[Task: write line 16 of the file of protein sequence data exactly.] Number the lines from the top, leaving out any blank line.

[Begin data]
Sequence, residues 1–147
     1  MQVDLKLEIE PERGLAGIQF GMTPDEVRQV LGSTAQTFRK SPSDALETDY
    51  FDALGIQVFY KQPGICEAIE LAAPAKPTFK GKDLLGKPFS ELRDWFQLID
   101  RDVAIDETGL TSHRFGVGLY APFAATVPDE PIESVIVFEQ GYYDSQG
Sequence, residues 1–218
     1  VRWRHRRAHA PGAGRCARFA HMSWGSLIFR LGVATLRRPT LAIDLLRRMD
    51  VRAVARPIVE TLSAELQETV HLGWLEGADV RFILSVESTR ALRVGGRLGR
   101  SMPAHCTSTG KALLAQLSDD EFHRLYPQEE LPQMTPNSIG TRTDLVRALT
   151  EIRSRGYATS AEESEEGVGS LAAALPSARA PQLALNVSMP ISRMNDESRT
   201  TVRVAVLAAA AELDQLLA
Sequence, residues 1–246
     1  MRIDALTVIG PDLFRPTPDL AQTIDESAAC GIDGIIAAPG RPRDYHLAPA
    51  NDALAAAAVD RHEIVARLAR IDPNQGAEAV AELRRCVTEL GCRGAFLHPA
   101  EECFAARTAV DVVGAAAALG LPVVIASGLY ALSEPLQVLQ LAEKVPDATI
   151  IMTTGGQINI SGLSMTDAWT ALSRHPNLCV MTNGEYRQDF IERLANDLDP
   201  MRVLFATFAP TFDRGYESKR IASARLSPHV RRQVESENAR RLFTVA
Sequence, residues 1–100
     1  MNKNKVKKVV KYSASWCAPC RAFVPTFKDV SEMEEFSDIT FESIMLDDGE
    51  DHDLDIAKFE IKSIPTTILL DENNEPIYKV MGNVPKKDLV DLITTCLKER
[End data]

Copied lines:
   201  MRVLFATFAP TFDRGYESKR IASARLSPHV RRQVESENAR RLFTVA